New law needed to define political party autonomy
The China Post news staff Sunday, April 13, 2014, 12:00 am TWN
The ruling Kuomintang (KMT) has renewed a legal battle to oust Legislative Speaker Wang Jin-pyng from the party, again highlighting the country's lack of a law governing the establishment and management of political parties that could jeopardize the democratic institution.
The KMT on Thursday filed an appeal to a higher court against a previous district court ruling that protected Wang from being expelled from the party.
The move sparked much speculation, as it came on the same day that student protesters ended their weeks of occupying the Legislature following Wang's promise to act in favor of the occupiers' demands.
The lawsuit looks like an act of retribution by President Ma Ying-jeou for Wang's alleged refusal to toe the party line, a legal battle that has revealed the lie behind all the friendly gestures that both sides have shown each other over the past six months or so.
The tensions between Ma and Wang have been as high as ever, the former bent on getting rid of the latter, and the latter not ready to give up without a fight.
We're not recapitulating all the previous developments underlying the rift; it basically surrounds a case of alleged influence peddling that Ma believes is morally wrong but is not punishable legally.
But the president, who also controls the KMT in his capacity as its chairman, thinks he — or theoretically the party — has the full authority to decide the fate of maverick members.
A party disciplinary committee — whose membership had been approved by the chairman — decided that Wang would be expelled, a decision that Ma finalized, supposedly with satisfaction. That means Wang, who was appointed to an at-large legislative seat by the KMT, would lose his place in parliament and naturally his speakership as well.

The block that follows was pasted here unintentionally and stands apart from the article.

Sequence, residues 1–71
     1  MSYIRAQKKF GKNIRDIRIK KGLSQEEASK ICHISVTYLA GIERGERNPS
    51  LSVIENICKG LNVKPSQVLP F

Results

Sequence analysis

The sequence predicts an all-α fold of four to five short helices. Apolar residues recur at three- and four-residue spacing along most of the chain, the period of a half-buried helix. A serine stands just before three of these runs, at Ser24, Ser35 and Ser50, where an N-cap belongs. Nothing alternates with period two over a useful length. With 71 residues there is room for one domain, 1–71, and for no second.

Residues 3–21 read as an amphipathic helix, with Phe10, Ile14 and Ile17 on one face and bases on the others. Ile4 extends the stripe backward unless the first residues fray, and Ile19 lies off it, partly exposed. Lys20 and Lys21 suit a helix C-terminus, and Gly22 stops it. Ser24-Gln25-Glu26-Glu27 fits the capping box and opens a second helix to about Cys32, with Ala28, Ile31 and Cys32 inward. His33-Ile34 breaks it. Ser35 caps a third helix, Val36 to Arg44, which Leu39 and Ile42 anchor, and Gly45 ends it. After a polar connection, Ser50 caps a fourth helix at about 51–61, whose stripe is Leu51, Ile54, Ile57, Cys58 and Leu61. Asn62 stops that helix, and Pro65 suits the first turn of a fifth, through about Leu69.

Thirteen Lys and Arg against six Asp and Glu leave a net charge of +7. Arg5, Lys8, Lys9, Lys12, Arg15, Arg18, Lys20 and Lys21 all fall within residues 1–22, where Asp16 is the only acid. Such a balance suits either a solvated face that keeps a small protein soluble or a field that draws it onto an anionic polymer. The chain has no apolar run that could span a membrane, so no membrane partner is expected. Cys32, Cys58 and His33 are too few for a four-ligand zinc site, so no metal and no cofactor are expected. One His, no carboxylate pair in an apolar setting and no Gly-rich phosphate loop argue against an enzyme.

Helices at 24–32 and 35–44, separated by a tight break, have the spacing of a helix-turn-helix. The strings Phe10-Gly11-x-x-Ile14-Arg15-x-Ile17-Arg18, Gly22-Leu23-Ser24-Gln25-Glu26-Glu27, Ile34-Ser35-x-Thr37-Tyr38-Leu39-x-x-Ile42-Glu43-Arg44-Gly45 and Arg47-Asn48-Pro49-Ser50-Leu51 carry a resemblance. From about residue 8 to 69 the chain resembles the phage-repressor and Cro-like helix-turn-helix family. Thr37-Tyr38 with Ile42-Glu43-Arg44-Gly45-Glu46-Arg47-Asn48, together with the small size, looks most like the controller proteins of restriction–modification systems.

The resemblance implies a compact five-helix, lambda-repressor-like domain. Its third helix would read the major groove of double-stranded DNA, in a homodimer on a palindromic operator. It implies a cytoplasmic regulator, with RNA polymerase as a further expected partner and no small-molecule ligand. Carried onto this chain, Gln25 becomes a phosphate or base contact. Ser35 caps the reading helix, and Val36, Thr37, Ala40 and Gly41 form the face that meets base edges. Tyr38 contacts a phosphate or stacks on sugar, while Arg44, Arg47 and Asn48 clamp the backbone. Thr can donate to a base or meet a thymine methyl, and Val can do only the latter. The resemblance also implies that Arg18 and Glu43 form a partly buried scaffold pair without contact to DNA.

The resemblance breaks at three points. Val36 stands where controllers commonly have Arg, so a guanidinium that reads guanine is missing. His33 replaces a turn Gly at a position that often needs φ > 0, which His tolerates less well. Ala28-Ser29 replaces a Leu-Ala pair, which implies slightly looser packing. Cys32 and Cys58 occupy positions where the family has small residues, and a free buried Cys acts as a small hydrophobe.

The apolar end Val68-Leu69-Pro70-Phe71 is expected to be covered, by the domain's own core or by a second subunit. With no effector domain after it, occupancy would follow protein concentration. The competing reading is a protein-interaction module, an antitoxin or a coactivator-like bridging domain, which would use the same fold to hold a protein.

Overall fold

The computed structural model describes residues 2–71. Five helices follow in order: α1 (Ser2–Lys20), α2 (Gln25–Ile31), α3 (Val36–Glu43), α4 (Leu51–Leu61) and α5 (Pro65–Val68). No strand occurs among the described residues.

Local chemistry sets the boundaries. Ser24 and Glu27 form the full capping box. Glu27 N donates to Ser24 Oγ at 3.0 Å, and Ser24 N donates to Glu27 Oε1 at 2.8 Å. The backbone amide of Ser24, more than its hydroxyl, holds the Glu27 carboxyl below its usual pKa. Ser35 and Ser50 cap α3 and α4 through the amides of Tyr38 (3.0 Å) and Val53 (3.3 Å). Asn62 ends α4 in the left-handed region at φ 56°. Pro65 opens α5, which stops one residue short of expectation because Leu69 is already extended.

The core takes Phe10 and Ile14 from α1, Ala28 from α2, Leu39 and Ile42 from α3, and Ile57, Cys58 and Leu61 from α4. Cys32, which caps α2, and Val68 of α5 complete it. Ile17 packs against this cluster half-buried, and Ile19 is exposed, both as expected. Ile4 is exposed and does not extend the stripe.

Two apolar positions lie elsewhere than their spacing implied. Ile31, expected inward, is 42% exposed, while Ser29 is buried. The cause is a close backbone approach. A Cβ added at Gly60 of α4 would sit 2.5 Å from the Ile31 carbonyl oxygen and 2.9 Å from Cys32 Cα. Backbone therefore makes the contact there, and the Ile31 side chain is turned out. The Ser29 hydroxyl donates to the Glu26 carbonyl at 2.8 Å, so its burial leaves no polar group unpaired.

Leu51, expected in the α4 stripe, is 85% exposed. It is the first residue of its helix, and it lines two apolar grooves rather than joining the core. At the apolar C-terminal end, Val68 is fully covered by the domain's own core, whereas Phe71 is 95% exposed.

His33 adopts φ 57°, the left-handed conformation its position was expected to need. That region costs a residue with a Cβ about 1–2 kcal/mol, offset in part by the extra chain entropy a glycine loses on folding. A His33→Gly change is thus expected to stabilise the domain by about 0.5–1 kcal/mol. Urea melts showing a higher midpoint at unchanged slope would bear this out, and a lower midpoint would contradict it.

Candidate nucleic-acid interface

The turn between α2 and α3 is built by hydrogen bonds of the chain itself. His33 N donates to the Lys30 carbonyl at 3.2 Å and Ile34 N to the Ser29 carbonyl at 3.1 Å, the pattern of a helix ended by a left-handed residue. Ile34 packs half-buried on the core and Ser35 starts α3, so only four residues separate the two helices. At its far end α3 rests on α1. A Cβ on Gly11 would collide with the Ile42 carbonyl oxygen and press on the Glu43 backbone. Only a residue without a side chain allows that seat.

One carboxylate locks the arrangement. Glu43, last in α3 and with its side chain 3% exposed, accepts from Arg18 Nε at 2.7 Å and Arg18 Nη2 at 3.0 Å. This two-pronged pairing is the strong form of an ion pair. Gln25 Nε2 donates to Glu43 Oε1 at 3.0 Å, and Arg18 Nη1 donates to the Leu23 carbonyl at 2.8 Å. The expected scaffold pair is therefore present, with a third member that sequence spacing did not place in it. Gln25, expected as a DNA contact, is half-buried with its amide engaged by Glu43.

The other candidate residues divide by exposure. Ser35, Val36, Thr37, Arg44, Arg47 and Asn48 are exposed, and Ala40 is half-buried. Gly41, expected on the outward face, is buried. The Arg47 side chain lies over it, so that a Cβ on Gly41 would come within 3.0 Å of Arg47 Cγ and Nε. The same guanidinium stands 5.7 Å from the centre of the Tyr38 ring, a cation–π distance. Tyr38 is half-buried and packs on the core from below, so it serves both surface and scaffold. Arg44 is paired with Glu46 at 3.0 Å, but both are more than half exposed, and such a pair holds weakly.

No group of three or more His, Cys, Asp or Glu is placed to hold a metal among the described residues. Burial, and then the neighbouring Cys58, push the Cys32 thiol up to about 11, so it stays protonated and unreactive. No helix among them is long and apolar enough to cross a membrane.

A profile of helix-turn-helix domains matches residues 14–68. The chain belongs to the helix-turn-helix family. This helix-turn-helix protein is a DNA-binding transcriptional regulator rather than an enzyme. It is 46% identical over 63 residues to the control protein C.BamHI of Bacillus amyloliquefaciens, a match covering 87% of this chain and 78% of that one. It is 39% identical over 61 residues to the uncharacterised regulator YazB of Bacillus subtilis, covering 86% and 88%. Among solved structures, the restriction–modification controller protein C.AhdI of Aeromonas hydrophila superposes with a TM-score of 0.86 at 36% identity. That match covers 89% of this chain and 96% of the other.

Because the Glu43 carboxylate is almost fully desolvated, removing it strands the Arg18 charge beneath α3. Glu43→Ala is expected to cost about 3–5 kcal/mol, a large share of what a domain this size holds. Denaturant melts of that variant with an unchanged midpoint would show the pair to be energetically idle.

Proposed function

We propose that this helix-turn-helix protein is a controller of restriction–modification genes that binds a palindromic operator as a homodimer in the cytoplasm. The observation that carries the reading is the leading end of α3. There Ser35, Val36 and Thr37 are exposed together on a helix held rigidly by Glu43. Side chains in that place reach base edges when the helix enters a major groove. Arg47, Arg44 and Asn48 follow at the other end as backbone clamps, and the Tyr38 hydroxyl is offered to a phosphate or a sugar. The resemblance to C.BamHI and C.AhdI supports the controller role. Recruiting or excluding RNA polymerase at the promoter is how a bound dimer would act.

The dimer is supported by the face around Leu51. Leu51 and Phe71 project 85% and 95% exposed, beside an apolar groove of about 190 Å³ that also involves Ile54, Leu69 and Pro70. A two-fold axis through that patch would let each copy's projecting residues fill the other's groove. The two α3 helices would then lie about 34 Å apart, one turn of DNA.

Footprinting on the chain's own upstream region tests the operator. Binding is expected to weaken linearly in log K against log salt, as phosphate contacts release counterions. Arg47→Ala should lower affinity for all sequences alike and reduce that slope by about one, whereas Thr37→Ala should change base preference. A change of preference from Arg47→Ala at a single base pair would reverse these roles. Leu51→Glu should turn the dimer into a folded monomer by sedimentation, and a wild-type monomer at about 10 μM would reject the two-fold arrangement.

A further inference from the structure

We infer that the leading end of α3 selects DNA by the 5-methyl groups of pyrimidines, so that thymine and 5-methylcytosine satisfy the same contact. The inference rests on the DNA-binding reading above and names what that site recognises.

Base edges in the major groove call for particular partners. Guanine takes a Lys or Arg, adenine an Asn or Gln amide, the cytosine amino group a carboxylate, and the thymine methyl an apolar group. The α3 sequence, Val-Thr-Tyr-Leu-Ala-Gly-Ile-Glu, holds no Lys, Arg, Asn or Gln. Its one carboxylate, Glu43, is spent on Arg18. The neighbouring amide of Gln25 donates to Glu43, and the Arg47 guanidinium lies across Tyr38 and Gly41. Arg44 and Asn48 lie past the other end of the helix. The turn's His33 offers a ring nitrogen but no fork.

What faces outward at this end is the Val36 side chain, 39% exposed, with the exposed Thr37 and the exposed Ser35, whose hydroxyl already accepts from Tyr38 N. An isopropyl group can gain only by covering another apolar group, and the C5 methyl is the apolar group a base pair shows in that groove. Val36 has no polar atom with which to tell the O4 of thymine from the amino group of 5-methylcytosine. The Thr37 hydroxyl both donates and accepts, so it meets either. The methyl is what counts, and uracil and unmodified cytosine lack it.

But the district court ruled that a member of any civic group — including political parties — cannot be expelled without the approval of a party congress.
The KMT argues that it should not be treated as an ordinary civic group, although by definition it is in terms of the existing law.
It is interesting to see how Ma has been eager to bend the law in this case, despite his famous propensity to play by the book. We nevertheless agree that a political party is not an ordinary civic group. Political parties should be governed by a separate law.
But this law must not be written in a direction that Ma and the KMT seem to be suggesting. While we believe political parties must be free from interference from the government, we are equally convinced that a democracy should be run without the domination of a single leader that has absolute control over the administration, the parliament and the ruling party.
The government in Taiwan may no longer be able to interfere in the operations of any political parties, but sadly this nation of ours is still being run by a leader who has tight control over the administration, the parliament and the ruling party. And this leader does not have to directly report to parliament; only his proxy — namely, the premier he appoints — has to.
This democratic institution of Taiwan needs a lot of reforming, and one of the first steps may be to introduce changes in the way parliament members, least of all its speaker, can be easily disciplined or dismissed by their parties. Such disciplinary actions make parliament members rubber stamps for their parties, rather than servants of their constituencies and the nation.
If you are aware of how difficult it would be to dismiss a civil servant in Taiwan, it is ridiculous that the speaker of parliament can be sacked at any time on an order from his or her party.
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